Posted by: Lisa Hill | October 25, 2009

Dancer, by Colum McCann

DancerDancer by Colum McCann is the intriguing story of Rudolf Nureyev, the ballet dancer who along with Margot Fonteyn, epitomised ballet in the 20th century.  His life has been fictionalised in this story and told in many voices, beginning with his first ballet teacher Anna Vasileva and then through a whole cast of characters that I assume actually existed.  (I know nothing about Nureyev’s life, so I can’t tell).

The ballet stuff doesn’t interest me much, (I couldn’t even watch all 8 minutes of this little video without losing interest)

but the picture of life in Soviet Russia does. It’s as vivid as Boris Pasternak’s Doctor Zhivago, showing the cruelty of exile, the mad bureaucracy, the shortages and the queues, and even the stupidity of renaming streets and towns in post-revolutionary Petersburg as if cultural memory could be erased along with the street signs.  There is also the casual cruelty of Rudi himself.  In pursuit of his ambition he is blind to the needs of those who love him, and arbitrarily he cancels meetings that they look forward to for weeks. He is late and indifferent when Yulia’s mother, Anna, finally gets a visa to visit him in the west,  without any understanding of what she and the rest of his family have had to endure on his behalf.

It’s what happens after Nureyev has defected that’s most awful.  It may seem as if anyone would have defected from Stalinist Russia given the opportunity, but Dancer shows the other side: the impact on those left behind.  Document Z showed this too:  Mrs Petrov hesitated to defect because she knew her family would be ostracised and subjected to increased surveillance at best, and suffer discrimination, interrogation and possibly ‘re-education’ in a labour camp at worst.  In Dancer, the voice of the daughter of Rudi’s teacher explains how home and family were put at risk by defection. She knew nothing about Nureyev’s defection beforehand, but is dragged into it by her mother’s association with him. The police interview her, and she gives them names because she knows that their surveillance is so thorough that they know them all already anyway. Her friends, for their own safety, shun her.  Her fear in palpable. The authorities let her talk to him by phone, her mother too, to try to get him to return , which is even more awful.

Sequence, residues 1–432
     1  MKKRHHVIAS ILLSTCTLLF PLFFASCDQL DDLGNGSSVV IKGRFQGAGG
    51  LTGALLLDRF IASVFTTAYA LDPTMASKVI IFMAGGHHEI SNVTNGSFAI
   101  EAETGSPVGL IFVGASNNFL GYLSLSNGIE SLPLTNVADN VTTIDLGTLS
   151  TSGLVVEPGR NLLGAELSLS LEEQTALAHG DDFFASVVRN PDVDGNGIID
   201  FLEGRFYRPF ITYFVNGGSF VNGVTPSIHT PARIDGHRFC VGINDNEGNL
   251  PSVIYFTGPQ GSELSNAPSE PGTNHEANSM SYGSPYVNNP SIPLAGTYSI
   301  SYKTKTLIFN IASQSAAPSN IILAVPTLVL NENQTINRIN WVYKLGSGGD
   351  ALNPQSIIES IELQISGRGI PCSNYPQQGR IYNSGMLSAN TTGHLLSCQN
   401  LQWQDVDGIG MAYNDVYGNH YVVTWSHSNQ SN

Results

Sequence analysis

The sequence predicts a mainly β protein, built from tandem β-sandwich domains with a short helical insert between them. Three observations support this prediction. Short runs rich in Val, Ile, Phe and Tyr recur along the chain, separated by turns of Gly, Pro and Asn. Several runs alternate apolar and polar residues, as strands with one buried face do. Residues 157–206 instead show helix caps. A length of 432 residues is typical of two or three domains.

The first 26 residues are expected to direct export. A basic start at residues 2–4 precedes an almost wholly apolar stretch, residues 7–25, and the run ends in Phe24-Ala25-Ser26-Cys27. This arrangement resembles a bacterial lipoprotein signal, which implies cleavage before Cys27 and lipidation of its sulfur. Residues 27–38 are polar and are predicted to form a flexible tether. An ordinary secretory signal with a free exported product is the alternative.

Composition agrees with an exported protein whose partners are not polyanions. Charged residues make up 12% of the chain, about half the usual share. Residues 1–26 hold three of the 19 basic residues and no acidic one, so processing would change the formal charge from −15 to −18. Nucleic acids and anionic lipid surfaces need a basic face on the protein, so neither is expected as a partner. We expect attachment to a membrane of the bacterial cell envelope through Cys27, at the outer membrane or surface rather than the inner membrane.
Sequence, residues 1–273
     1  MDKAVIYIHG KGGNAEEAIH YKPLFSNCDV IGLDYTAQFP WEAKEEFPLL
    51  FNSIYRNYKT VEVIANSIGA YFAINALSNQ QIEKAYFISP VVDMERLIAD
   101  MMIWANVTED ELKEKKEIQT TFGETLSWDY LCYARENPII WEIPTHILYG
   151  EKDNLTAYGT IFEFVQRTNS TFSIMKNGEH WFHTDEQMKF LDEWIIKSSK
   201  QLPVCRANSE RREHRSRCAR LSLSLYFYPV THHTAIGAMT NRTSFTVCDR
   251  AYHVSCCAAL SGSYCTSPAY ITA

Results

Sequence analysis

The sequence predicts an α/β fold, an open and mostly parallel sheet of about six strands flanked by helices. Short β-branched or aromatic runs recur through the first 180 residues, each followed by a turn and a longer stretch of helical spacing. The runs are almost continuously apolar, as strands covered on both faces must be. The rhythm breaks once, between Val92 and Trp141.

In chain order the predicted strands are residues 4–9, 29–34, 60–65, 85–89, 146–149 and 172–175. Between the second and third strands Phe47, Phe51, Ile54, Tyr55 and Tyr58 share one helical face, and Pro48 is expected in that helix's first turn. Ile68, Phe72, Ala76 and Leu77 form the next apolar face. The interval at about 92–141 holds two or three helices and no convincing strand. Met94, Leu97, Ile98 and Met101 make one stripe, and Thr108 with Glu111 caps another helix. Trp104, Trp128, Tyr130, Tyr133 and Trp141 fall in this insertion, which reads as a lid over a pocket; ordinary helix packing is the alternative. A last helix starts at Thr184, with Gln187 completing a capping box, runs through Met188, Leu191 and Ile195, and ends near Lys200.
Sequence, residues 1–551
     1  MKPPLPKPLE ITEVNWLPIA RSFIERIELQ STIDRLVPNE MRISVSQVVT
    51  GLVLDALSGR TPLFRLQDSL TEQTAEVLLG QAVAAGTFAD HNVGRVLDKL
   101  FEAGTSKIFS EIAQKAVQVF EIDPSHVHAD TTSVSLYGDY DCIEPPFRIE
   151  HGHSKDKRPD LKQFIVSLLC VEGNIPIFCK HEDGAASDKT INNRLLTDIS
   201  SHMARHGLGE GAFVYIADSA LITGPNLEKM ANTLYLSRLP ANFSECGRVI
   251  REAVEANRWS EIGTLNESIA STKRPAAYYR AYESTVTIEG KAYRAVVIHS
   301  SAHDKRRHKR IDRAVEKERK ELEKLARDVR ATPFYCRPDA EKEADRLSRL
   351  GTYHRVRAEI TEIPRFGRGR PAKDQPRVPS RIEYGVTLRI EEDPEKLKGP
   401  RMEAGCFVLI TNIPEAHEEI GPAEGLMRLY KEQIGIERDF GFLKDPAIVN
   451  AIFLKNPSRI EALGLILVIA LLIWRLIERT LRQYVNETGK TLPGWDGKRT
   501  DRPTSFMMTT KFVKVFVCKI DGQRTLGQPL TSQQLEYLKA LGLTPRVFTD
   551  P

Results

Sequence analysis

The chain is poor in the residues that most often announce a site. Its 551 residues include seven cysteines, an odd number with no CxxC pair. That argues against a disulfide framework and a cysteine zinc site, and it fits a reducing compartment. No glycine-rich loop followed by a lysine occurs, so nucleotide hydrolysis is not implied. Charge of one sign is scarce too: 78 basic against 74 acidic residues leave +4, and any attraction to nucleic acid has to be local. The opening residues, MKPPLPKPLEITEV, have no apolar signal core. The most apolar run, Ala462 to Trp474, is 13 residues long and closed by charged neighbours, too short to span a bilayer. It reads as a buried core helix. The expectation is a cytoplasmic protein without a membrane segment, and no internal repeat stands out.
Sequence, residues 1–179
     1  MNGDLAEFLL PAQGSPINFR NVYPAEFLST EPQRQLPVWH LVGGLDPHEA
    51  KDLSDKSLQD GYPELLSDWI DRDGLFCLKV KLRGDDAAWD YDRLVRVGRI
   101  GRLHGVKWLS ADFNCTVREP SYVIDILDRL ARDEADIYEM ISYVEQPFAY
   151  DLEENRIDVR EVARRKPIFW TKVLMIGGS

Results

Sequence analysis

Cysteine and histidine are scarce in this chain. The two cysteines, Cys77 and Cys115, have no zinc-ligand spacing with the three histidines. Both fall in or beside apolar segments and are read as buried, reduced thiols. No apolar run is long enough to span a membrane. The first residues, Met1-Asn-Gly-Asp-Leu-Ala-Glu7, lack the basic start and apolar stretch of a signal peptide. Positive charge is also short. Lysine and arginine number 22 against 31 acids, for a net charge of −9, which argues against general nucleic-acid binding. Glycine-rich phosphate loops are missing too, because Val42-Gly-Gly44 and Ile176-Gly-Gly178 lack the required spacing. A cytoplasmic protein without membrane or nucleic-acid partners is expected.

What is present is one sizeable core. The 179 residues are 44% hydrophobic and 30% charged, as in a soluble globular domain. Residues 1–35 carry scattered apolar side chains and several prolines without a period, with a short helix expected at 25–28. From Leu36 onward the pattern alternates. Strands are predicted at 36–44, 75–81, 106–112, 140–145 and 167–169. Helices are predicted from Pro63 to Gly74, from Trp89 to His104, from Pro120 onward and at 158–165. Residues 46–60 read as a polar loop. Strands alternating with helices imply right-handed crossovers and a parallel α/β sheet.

The writing is a bit uneven in places, and Victor’s interior monologue can be tedious, but overall it’s an interesting book.

Other Reviews: Reviews of Books

Author: Colum McCann
Title: Dancer
Publisher: Orion, 2004
ISBN 9781897580295
Source: Kingston Library


  1. Interesting… I’m intrigued, if only to see whether it is better than Let The Great World Spin.


    • Ah, and what did you think of Let the Great World Spin? I borrowed it on the strength of liking Dancer, and sent it back to the library unread after the obligatory 50 pages. Which is very, very unusual for me. Actually, I thought of starting category for books I did not finish, but then I thought that would be a bit mean to the authors. Lisa


  2. And in Mao’s last dancer, there is also the issue of defection. I must admit that my husband and I love ballet and are sorry that the Australian Ballet stopped coming to our city many years ago. I haven’t read any McCann – maybe this is the one for me?


    • Have I told you that I’ve ‘met’ Liu Cunxin? A couple of years ago, before the book hit its stellar heights, he came to do an author talk at the library near where I work. So I stayed late, and went to the talk, and he was such a lovely man! He showed a video too, of him dancing, and even though ballet is not my thing (I can’t bear to think of how the women’s feet are damaged) I loved watching him, so light on his feet. Lisa


  3. […] from time to time, (e.g. the video of Rudolph Nureyev in my post about Colum McCann’s Dancer) but I admit that I’m not quite sure why I do it.  It jazzes up the blog, and it might […]


  4. […] reviewed Colum McCann’s Dancer but that was ages ago, and I wasn’t impressed by Let the Great World Spin when I read it […]


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